VOCABULARY: rankings, gender equality, spot, desirable, enrolled, workforce, complex, welfare system, ratio, parliament

DISCUSSION QUESTIONS:

If you found the passage difficult to read or had problems understanding specific words or idiomatic expressions, please discuss them with your tutor. The following discussion questions should be answered in your own words and with your own arguments.

  1. Briefly, summarize the content of the article in your own words.
  2. Why do you think the Scandinavian countries do the most for their women?
  3. Would you like to live in a Scandinavian country? Why or why not?
  4. Does your government have maternity leave programs? If yes, describe it.
  5. Does your country have a welfare system? If yes, describe it.

EXPRESSIONS or PHRASES: What do the following expressions or phrases mean?

  • Even more (P3)
  • Family life (P4)
  • Right to vote (P5)

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Image source: by “unknown” http://www.ntnu.edu/womenindesignresearch

New gym opens to train robots

[Technology ★★]

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(P1) Elon Musk has opened a kind of gym for robots, called OpenAI Gym. Mr. Musk is the boss of the companies Tesla Motors and SpaceX. He also founded the online payments website PayPal. OpenAI Gym is a free platform for code writers to test their work on artificial intelligence. They can also share their algorithms. These are rules in a computer program that can solve problems and deal with lots of information.

(P2) Mr. Musk wrote about why OpenAI Gym is free. He said: “Our goal is to advance digital intelligence in the way that is most likely to benefit humanity as a whole.” It follows the idea of rewards for learning – like giving a dog a treat when it learns something new. If an algorithm does well in the gym, it gets a reward. If it fails, it doesn’t. Musk wants to develop algorithms that can multi-task; to do many things at the same time, rather than just one thing.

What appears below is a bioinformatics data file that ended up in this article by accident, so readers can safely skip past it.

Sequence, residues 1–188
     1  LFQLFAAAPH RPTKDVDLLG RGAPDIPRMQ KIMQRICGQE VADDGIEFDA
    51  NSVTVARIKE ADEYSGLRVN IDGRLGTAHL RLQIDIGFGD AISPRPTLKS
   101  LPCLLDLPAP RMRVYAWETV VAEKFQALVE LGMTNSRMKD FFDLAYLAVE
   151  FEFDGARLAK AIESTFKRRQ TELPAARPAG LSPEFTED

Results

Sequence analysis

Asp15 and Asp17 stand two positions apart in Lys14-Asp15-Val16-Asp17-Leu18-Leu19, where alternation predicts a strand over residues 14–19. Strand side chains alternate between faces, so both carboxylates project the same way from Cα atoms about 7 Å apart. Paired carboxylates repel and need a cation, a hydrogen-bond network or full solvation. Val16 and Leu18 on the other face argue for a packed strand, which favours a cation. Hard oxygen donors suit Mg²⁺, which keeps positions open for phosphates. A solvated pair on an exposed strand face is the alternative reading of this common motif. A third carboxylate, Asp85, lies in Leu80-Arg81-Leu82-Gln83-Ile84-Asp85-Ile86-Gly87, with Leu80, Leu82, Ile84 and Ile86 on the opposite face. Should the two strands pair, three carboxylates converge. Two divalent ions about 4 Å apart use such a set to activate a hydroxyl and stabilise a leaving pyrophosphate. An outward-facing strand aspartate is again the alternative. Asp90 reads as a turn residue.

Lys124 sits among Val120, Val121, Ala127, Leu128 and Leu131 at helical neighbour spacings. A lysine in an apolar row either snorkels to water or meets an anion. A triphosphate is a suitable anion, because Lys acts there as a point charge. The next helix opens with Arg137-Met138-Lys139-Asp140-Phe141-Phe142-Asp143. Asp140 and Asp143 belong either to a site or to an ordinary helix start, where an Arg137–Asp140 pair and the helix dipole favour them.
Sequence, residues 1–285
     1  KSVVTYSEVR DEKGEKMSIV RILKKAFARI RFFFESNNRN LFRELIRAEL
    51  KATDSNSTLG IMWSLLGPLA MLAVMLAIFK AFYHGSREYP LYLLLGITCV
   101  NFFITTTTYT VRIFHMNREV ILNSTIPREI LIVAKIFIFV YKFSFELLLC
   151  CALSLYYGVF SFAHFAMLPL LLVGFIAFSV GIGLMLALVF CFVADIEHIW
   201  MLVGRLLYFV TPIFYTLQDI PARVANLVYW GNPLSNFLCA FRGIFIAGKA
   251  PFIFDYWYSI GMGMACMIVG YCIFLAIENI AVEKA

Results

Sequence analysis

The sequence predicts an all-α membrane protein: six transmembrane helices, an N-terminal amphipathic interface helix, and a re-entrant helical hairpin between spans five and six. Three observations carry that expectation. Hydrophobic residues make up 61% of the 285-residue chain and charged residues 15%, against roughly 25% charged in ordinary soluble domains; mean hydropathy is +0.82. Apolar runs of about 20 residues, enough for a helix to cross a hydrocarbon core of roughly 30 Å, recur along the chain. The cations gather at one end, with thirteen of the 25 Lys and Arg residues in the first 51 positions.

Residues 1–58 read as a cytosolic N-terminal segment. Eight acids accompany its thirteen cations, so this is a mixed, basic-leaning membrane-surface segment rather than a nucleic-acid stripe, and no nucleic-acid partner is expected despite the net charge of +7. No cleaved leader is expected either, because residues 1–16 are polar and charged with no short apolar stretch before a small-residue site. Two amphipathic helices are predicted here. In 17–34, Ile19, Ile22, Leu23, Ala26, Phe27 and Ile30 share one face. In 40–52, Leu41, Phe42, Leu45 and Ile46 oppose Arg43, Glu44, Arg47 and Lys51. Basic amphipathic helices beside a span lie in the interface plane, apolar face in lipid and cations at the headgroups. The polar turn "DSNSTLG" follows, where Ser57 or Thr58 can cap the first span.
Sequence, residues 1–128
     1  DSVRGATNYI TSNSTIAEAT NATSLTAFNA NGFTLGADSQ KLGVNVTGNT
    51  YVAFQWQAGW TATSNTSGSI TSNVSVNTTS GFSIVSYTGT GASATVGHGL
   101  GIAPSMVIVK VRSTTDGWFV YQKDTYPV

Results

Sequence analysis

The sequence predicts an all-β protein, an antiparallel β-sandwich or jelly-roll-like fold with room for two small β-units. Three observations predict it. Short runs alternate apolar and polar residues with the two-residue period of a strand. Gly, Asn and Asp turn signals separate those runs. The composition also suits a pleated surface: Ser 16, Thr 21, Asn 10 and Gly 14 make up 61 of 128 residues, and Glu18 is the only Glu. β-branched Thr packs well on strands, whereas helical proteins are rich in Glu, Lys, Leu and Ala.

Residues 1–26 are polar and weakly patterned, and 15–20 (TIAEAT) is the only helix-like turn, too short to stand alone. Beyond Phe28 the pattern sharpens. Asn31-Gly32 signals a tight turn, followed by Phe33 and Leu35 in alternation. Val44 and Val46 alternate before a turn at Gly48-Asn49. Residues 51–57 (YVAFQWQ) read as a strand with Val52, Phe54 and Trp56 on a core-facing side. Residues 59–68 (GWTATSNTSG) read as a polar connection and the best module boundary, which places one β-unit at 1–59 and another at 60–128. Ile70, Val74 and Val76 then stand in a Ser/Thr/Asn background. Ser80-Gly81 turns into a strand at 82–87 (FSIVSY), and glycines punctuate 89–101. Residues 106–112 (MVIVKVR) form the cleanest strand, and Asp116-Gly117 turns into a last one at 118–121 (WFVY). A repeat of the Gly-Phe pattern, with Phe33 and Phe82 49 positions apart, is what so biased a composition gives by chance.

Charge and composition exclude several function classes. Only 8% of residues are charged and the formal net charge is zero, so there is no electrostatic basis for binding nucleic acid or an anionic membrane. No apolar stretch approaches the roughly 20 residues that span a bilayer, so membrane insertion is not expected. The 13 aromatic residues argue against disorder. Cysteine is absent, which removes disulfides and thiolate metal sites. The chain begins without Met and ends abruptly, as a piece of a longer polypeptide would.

WORDS: 160

SOURCE: http://www.breakingnewsenglish.com/1605/160501-robot-gym-1.html

VOCABULARY: platform, code, artificial, humanity, rewards, treat

DISCUSSION QUESTIONS:

If you found the passage difficult to read or had problems understanding specific words or idiomatic expressions, please discuss them with your tutor. The following discussion questions should be answered in your own words and with your own arguments.

  1. Briefly, summarize the content of the article in your own words.
  2. Do you think robots will replace human beings in the future (e.g. work)?
  3. Tesla Motors manufactures electric cars. Are there people in your country who own electric cars?
  4. Do you think more people should drive electric cars? Why or why not?
  5. Why do people want to learn computer programming and become code writers?

EXPRESSIONS or PHRASES: What do the following expressions or phrases mean?

  • PayPal (P1)
  • As a whole (P2)
  • Rewards for learning (P2)

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Image source: by Oliver Burston – Getty Images http://www.gettyimages.com/license/158317693

The $265,000 job that no one wants

[Jobs ★★]

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(P1) There is a doctor’s job in a small New Zealand town that no one wants. It pays US$265,000 a year. There is no weekend work, and houses in the area are cheap. The job is just four days a week, with 12 weeks’ holiday a year. The current doctor Alan Kenny is leaving. He cannot find a replacement. Four medical companies also could not find a replacement. Dr. Kenny thinks people want to live and work in the city and not in the countryside.

(P2) Last year, Dr. Kenny could not go on a family holiday because he could not find a doctor to replace him. He has been a doctor in the town for 30 years. He said he wouldn’t change his countryside life for city life. He wants to retire and he needs to give his patients to a younger doctor. He said his work keeps him busy. He loves his job. He said: “I would like to stay but I hit my head against a brick wall trying to attract doctors.”

WORDS: 173

SOURCE: http://www.breakingnewsenglish.com/1602/160226-doctors-1.html

VOCABULARY: replacement, countryside, retire, patients, attract

DISCUSSION QUESTIONS:

If you found the passage difficult to read or had problems understanding specific words or idiomatic expressions, please discuss them with your tutor. The following discussion questions should be answered in your own words and with your own arguments.

  1. Briefly, summarize the content of the article in your own words.
  2. If you were a medical doctor, would you apply for this job? Why or why not?
  3. Do you prefer to live in the city or the countryside? Why?
  4. Have you ever traveled to New Zealand? If yes, describe your visit. If no, would you like to go there?
  5. Why do you think the doctor cannot find a replacement?

EXPRESSIONS or PHRASES: What do the following expressions or phrases mean?

  • Family holiday (P2)
  • Hit my head against a brick wall (P2)

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Image source: by “unknown” http://www.familydoctor.co.nz/Images/osg-header.jpg